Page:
Navigating Fall Season Driving Hazards: A Complete Guide

Fall Season Driving Hazards

The fall season is a lovely time of the year. You won’t have to clean up snow, but the weather will be perfect. Plus, there are so many holidays like Halloween and Thanksgiving. What’s the best about fall is that people know that it’s almost the holidays with Christmas or Hannukah just around the corner. This means spending time with their family along with long road trips. However, since road trips can happen to be able to visit the family, there are hazards that you could face along the way. So, it’s best to be prepared for these hazards. It’ll save and prepare you and other people as well.

While the fall season is an amazing time to get together with friends and family, some trips can end tragically. So, to prevent this, Carfect would like to offer some pieces of advice to help you get through your trip.

During the fall, weather could become unpredictable. There are gloomy days that bring in the rain and cold weather. On the other hand, it could also be bright and beautiful. But, as winter gets closer, days will be shorter and colder. Pretty soon, it might also become icier, depending on which state you’re living in. Plus, at fall, you’ll have back-to-school traffic, rain, foliage, fog, frost, sun glare and the occasional deer.


This only really happens if you live in an area where deers are prominent. During the fall season, it’s their time to migrate and mate. So, it’s best to keep yourself always on the lookout or drive slowly but surely to prevent accidents. Especially, deers are known to dart across a street unknowingly.


During the fall season, you’ll get a lot of sun. So, the sun glares can hinder your driving capabilities. When this happens, it’ll be hard to see pedestrians, oncoming traffic and even the car in front of you. You’re basically temporarily blinded because of the sun which leads to a lot of accidents. So, it’s safe to say that you should drive with either sunglasses or pull down the car’s interior sun visor.


If you do a lot of night or early morning drives, you’ll notice that the temperatures can drop severely. This causes a bit of morning frost or icy spots on the road, which can barely be seen. The most common places this can happen are the bridges, overpasses or basically any areas that are usually shaded. So, being careful in or avoiding those areas on the road will help your car from spinning out of control.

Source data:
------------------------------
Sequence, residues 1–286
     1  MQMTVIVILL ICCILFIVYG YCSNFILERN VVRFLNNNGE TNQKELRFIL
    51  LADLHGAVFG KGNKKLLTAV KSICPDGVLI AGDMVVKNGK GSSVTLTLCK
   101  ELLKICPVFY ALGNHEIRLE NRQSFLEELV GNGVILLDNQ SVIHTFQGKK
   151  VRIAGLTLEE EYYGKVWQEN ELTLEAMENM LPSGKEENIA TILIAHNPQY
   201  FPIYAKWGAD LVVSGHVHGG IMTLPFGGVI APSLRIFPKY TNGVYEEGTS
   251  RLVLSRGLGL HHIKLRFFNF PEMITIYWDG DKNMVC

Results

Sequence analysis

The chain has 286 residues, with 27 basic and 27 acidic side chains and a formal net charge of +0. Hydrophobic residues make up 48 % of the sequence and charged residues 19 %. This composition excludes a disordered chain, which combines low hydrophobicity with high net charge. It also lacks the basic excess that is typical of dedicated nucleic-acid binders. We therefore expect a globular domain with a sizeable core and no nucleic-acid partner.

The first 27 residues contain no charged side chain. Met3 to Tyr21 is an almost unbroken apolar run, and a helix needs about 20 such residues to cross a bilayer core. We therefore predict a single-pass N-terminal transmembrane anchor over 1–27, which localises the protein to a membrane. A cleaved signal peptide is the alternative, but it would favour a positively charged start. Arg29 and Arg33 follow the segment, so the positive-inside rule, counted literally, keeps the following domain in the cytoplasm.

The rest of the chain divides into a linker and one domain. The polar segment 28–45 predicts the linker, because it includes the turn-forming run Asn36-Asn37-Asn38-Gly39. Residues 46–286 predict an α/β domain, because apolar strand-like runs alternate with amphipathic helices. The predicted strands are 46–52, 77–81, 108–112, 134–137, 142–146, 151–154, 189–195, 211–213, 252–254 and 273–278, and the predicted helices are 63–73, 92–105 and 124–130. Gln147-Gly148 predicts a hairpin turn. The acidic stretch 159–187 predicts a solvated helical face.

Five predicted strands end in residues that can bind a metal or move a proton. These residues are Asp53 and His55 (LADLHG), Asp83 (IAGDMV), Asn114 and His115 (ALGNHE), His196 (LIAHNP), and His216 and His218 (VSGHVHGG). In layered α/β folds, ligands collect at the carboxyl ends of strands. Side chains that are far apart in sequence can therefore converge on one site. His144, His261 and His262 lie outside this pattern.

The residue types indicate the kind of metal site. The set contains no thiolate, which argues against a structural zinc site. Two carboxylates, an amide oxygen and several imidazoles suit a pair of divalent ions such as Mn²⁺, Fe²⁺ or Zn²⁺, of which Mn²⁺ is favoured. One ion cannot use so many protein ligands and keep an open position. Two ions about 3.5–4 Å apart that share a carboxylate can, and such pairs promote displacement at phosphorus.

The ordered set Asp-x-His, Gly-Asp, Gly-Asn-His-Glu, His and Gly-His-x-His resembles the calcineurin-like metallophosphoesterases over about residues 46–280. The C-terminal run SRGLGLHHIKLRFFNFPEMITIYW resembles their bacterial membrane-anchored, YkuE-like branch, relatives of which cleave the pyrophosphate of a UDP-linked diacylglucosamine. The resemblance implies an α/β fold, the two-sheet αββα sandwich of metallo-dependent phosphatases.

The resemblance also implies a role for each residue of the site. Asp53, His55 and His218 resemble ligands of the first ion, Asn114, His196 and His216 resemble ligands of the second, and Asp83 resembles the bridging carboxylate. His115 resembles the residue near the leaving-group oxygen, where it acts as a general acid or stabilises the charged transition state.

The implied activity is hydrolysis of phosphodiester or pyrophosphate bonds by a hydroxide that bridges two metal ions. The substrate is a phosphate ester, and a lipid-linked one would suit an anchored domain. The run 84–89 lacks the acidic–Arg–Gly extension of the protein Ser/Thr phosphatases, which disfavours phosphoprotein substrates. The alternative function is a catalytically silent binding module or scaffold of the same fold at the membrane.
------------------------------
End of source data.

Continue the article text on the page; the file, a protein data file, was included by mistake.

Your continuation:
Cold mornings and evenings during the fall season could lead to fog. When this happens, it’s possible that your driving visibility and depth perception while driving could be impaired. Most of the time, fogs can occur in places that are surrounded by hills, water, mountains and most especially, trees. So, one of the most common mistakes people make while driving in a foggy place is to turn their high beam on. But, this will actually make it worse for you while you’re driving. If you do this, the lights will bounce off the fog and create a glare.
The best thing to do while driving in a foggy place is to turn on your fog lights. Plus, it’s best that you slow down and stay at a good distance from the car in front of you. This will give you adequate time to stop if needed.


Fall foliage can be beautiful with its ever changing hues. But, as the leaves fall and litter the streets and roads, it becomes a traffic hazard. Why? Because it makes the streets slick. In some cases, it can also prevent drivers from seeing the traffic line markings. If there are potholes in your area, they can hide these and other hazards on the road. Plus, when it rains, you’ll mostly have slippery roads due to wet leaves.In some states, there’ll be visitors from out of state. Some of these visitors could be called leaf peepers. They’re called this because they make unpredictable stops just so they can admire the foliage. So, it’s best to be careful and keep your distance.


When it’s fall and you have children, you’ll know that it’s the time when kids go back to school. So this means, there’ll be a lot more kids crossing the street or walking out and about. Inevitably, this leads to more people walking on the streets and eventually traffic. With the increased pedestrian activity, you’ll really need to be more careful when driving around schools, bus stops and suburban areas.

Tips for driving around in fall

Here are some tips to prepare you.

  • Watch your speed
  • Keep your distance
  • Stick to your low beams and fog lights
  • Clear frost from your windows
  • Approach stops and traffic lights with care
  • Avoid using products that increase car glare (like wax)
  • Watch out for wildlife
  • Always check your tire pressure
In addition to the above, essential maintenance steps ensure your car is prepared for the challenges ahead. Begin by assessing tire traction and pressure to navigate slippery surfaces, especially as rain and leaves become prevalent. A thorough inspection of the brake system guarantees reliability during wet conditions.
Cold weather demands a check on the battery’s health. Monitoring and topping up essential fluids safeguard engine performance is also important. Adequate lighting becomes crucial as daylight diminishes, promoting visibility and safety.
Lastly, a well-functioning HVAC system ensures comfort and prevents issues like fogged windows. Proactively servicing your car before fall safeguards against potential accidents and breakdowns.

When you’re driving, it’s best that you know all the safety precautions during each season. By knowing what to look out for, you’ll easily get to avoid them. This will save people, yourself and your family.


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